Fast food worker is fighting back after being fat-shamed

Published 11:01 am Monday, August 21, 2017

GULFPORT, Miss. (AP) — First, she was shocked and hurt. Then she became angry.

Jessica Pruitt knows she’s overweight and has an overhanging stomach. But the 20-year-old Saucier woman never imagined a stranger would take a picture of her at work to make fun of her. Or that the picture would turn up on Facebook. With fat-shaming comments.

The picture showed Pruitt at the Raising Cane’s drive-thru window on U.S. 49 with her stomach resting on top of the counter. The woman who shared the original post referred to Pruitt as “nasty and disgracing” and said, in part, “I talk about fat, nasty disgusting people.”

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Pruitt, a Harrison Central High School graduate, said her manager has been supportive, by calling to check on her and contacting the corporate office, which reported the post to Facebook.

“Being overweight runs in my family,” Pruitt said. “I’ve tried to lose weight but I was recently diagnosed with a disorder that makes it hard to do that.”

But Pruitt was in for another surprise.

Saucier resident Laurie Carter, also a stranger, saw a post and was so upset that she contacted Pruitt in a private message on Facebook. Carter said she’s also been body-shamed and bullied. With Pruitt’s approval, Carter decided to hold a rally in support of Pruitt and to raise awareness about bullying — all types of bullying, to include body-shaming.

Pruitt will be the guest of honor at Stand Against Bullies, planned for Sept. 2 at Jones Park. The rally will be at the splash pad from 11 a.m. to 1 p.m. Children are welcome, and people are encouraged to come and go if they wish.

Carter described the post as “very rude and hateful” and said it brought tears to her eyes.

“That could have been me standing there that day at that counter,” Carter said. “I have a pudge in my stomach. But it was her this time. I wanted her to know she doesn’t have to go through this alone.

“It’s a harsh reality of a heavy-set person. Your flaws get pointed out more than anyone else.”

Body-shaming recently made local and national headlines less than two months ago when television meteorologist Carrie Duncan called out a viewer who sent her a derogatory email because of her weight. “Ugly people always have something ugly to say,” Duncan, of WLOX TV, wrote on her Facebook page. She had shared a screenshot of the email, which said she should get “defatted.”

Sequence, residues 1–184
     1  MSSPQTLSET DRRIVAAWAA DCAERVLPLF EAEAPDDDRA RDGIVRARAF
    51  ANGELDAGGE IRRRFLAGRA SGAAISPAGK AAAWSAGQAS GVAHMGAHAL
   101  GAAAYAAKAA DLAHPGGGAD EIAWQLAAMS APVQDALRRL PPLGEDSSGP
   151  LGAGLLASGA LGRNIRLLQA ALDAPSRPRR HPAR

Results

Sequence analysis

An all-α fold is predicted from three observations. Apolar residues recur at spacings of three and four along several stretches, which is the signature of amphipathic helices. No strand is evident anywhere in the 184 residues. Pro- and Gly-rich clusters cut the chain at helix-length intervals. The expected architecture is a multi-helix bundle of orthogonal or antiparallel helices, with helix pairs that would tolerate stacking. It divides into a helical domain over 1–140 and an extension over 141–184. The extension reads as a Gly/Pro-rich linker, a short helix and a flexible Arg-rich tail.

“Please think about the person you are saying these things about and to,” Duncan wrote.

Duncan also has been praised for taking the high road in the Sun Herald blog, Throwing Shade, and in the Sun Herald’s Sound Off column.

Pruitt said she appreciates every show of support.

Pruitt said her fiance was even angrier than she was over the post.

The woman who posted the picture later made comments on Facebook that she was exercising her freedom of speech. She made no apologies. The woman said someone took the picture and sent it to her.

“The person who made the post feels like freedom of speech gives freedom to publicly humiliate someone,” Carter said. “I don’t believe in that.”

“I feel like bullying starts at home. If your parents are not necessarily nice to you, and they’re being negative toward you, you’re going to school and you’re going to do what you learn.”

“I can just pray for her and wish her the best,” Carter said. If the woman has children, “I hope they don’t go through what (Pruitt) is going through.”

Carter said she’s had to deal with her own daughter being bullied. She is thinking about starting a support group.

She and Pruitt had not met in person, but both women said they’re looking forward to it.

“I just want to give her a big hug and tell her I’m there for her 100 percent in anything and everything she needs,” Carter said.

“If it’s someone to talk to at 2 o’clock in the morning, or she’s got a flat tire at 5 o’clock in the afternoon. The only thing I ask is that if she’s ever in a position of seeing someone else being a bullied, that she will take a stand and be there for somebody like I was there for her.”

Carter said her grandmother helped her face bullies by encouraging her.

“She always told me how beautiful I am, that weight is only a number. That’s not who I am. That I’m a beautiful person inside and out, and to have confidence in myself because I’m a beautiful girl.”